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This month’s featured organization is Pure Earth, an international non-profit organization dedicated to solving pollution problems in low- and middle-income countries, where human health is most affected by pollution. Pure Earth devises clean-up strategies, empowers local champions and secures support from national and international partnerships. Since its inception in 1999, Pure Earth has completed more than 80 clean-up projects in 20 countries. This has reduced exposure to toxins for local populations, especially children.
Toxic pollutants at contaminated sites affect the health of more than 200 million people worldwide. Women and children are especially at risk suffering neurological and immune system damage and an early death. The number of people affected is comparable to HIV/AIDS, TB and malaria combined. Plus, solving pollution problems usually promotes, rather than inhibits, economic growth. Yet, pollution is one of the most under-reported and underfunded problems in the world.
How can you help?
- Share Pure Earth’s posts on social media. Use Twitter @PureEarthNow, Facebook, and LinkedIn to raise the profile of toxic pollution, which disproportionately kills those in low and middle-income countries.
- Make a donation. Better yet, organize a group of coworkers to make donations. Ask your employer to match it.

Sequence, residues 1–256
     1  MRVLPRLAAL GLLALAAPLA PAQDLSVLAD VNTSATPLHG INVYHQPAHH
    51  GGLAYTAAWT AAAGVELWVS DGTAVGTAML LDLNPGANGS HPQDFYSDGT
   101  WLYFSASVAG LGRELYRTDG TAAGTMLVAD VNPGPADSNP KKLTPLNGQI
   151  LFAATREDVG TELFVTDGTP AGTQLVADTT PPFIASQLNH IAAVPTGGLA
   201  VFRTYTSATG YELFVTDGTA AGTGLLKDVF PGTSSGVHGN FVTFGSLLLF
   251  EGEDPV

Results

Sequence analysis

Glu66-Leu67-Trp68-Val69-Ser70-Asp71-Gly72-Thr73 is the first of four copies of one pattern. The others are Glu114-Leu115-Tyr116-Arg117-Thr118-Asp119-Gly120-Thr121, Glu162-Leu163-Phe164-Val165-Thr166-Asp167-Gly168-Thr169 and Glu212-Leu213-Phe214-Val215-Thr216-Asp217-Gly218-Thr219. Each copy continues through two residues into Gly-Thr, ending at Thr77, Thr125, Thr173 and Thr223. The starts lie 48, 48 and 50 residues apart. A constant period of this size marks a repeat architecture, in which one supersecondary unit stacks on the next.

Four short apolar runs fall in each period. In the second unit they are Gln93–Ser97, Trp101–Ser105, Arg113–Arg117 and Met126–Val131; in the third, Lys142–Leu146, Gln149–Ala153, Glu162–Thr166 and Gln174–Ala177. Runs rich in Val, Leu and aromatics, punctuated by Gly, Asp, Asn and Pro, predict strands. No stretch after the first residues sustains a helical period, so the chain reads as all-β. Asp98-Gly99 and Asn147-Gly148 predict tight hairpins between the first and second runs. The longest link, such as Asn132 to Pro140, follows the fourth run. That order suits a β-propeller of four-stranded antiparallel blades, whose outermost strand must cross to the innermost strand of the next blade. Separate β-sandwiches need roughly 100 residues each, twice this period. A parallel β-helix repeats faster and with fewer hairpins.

- Join the Pure Earth Corps of volunteers. Work solo, with a group of colleagues or friends, adopt a project, and raise funds.
- Host a “Toxic Cocktail Party” educational event. Pure Earth does the work; you create the guest list. Artisanal “toxic” cocktails are created just for you!
- Stay informed. Read The Pollution Blog and sign up for Pure Earth’s Newsletter.
Media are reporting that President Trump will arrive Dec. 4 to make the long-expected proclamation, declining either to visit the monuments or consider the sizeable majority of Utah residents who opposed his administration’s punitive review of these and other public lands in the first place.
Alaska Sen. Lisa Murkowski’s has introduced riders to the 2018 Senate Interior Appropriations bill would exempt Alaska’s two national forests, the Tongass National Forest and Chugach National Forest, from the 2001 Roadless Area Conservation Rule.
The 2018 Senate Interior Appropriations bill would eliminate protection for roadless areas in Southeast Alaska’s Tongass National Forest (our nation’s largest national forest) and the spectacular Chugach National Forest near Anchorage.
[ Media memo: Key background about the legislative attack on the 2001 Roadless Area Conservation Rule ]
TO: Editorial Writers, Reporters and Columnists
FROM: The Wilderness Society